Facts You Didn’t Know About Locks & Keys

Today’s society doesn’t take security as seriously as it should. Some people take their safety for granted, and this behavior has to change at the earliest for everyone to stay safe. Those who prioritize security use various technologically enhanced systems and solutions to keep their properties, possessions, and families out of harm’s way. However, the good old lock and key are still the most effective and widely used tools for securing doors. The lock-and-key combination has been around for centuries, and there are several unique facts about it.

  1. Collectors love them: The best locksmith Chamblee has to cater to hundreds and thousands of clients. They often run into one or two people who enjoy collecting locks and keys, particularly the old ones used in prisons or by the military. Some locks even feature puzzles. You need to solve them to open the lock.
  2. A symbol of status: Back in the day of the Vikings, the married women were in charge of managing the keys to the family home. Some women even wore their keys as a status symbol proudly. Others sewed their keys to their dresses to display their power and sway over their families.
  3. Changing codes daily: As an American, you’re familiar with Fort Knox. It stores a significant portion of the gold reserves of the United States. Naturally, it possesses some of the most technologically enhanced and virtually impenetrable locking systems. The electronic lock on the front door gets its codes changed every day.
  4. Deterring lock-picking: In the nineteenth century, locksmiths did everything in their power to find ways to stop thieves from picking locks. Their efforts led to new and innovative designs in locks and keys. Some of these designs are still visible in the products used by homeowners right now.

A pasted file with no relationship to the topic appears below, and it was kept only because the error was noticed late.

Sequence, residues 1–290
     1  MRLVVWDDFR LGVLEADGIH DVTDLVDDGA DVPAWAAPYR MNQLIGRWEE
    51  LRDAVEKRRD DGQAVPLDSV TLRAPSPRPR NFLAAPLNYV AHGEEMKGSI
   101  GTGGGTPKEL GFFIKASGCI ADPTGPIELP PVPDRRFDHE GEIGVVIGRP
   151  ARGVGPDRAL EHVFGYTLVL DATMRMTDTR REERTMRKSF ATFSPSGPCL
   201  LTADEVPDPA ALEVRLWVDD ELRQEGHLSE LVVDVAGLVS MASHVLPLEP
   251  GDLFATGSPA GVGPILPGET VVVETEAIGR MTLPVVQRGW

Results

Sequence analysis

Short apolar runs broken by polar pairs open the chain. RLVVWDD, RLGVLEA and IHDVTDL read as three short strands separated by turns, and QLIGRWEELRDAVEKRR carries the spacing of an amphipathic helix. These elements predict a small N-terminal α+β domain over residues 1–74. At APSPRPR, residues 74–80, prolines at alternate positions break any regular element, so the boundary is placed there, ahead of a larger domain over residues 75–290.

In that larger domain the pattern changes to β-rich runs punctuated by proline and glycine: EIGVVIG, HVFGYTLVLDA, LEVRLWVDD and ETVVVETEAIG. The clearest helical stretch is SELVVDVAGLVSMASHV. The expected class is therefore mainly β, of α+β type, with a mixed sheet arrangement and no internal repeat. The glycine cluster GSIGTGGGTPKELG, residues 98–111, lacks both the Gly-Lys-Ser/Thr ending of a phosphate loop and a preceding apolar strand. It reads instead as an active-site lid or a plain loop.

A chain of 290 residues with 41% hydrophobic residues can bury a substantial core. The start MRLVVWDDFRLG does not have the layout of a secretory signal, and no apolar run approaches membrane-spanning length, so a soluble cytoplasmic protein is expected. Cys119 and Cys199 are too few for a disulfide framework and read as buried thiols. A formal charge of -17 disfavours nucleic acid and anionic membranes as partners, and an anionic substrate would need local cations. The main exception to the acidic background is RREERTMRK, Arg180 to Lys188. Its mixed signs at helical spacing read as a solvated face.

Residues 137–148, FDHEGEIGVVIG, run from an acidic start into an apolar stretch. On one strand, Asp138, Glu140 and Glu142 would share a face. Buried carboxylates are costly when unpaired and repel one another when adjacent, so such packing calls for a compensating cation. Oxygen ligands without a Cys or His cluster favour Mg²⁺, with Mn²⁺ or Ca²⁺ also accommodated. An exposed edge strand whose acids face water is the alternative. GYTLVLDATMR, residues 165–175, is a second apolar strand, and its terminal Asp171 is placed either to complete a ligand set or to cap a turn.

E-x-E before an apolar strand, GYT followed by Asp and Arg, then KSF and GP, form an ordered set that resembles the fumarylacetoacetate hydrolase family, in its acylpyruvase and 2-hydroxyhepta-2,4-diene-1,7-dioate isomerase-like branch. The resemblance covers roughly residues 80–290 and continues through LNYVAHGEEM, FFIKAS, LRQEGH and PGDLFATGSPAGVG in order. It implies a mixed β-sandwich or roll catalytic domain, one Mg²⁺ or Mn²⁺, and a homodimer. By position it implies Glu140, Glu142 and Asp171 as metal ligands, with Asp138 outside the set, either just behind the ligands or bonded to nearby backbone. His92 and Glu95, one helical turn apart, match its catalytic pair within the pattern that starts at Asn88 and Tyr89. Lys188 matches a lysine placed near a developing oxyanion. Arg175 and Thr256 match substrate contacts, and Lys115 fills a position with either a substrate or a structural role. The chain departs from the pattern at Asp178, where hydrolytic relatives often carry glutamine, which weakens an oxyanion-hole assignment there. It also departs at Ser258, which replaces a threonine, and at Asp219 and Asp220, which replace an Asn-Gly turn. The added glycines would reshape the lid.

5. The age of old locks: Even the best locksmith Canton found it surprising that the system of using locks is older than 4,000 years. Historians and archeologists found some of the oldest ones in ancient Egypt. They discovered one such lock in a cave believed to be 4,000 years old.
  6. The skill of birds: It may seem strange, but birds can pick locks too. There’s an account documented in 2014 where a parrot called Magic managed to pick its way through two padlocks affixed to its cage to escape to freedom.

7. Knots as locks: As lock manufacturers used metal to craft their products, sailors couldn’t use them when they were out at sea. Instead, they used to guard their possessions by tying knots in ropes. While they didn’t offer much in terms of protection, they did allow sailors to determine whether someone tried to tamper with the knot.

8. Key keepers of medieval times: Today, you’d probably hesitate to entrust your keys even to a professional Locksmith Chamblee. However, during the medieval age, people used to put their faith in other people to protect their keys. The townspeople entrusted the keys to their homes to a special guard.

9. Apprenticeships: If someone wants to become a proficient locksmith, he/she has to undergo an apprenticeship to learn the tricks of the trade. This process used to exist in the past, and it’s still there.

10. Artisans: In the past, locksmiths weren’t in charge of just installing locks on the doors of homes. They used to handcraft the products too. They customized each lock for each homeowner to suit their exclusive applications.

11. The rules: You won’t run into conventional keys in bulk these days, but they exist. Homeowners usually have keys to the doors of their houses and keys to their cars.

12. Locks made of wood: There was a time when locksmiths used wood instead of metal to create locks. If today’s manufacturers used wood, thieves would’ve stolen everything from every house in every corner of the world.


As you can see, the world of a Locksmith Canton is full of stories and historical anecdotes. The list of facts doesn’t end there, either. For instance, the idea of creating duplicate keys didn’t exist until 1917. Back then, everyone believed that a key had to be unique. Also, the first lock featuring the combination system appeared in 1857. An American locksmith and businessman by the name of James Sargent created it. He established his business in 1865 called “Sargent and Greenleaf” lock manufacturing company that’s still operational.

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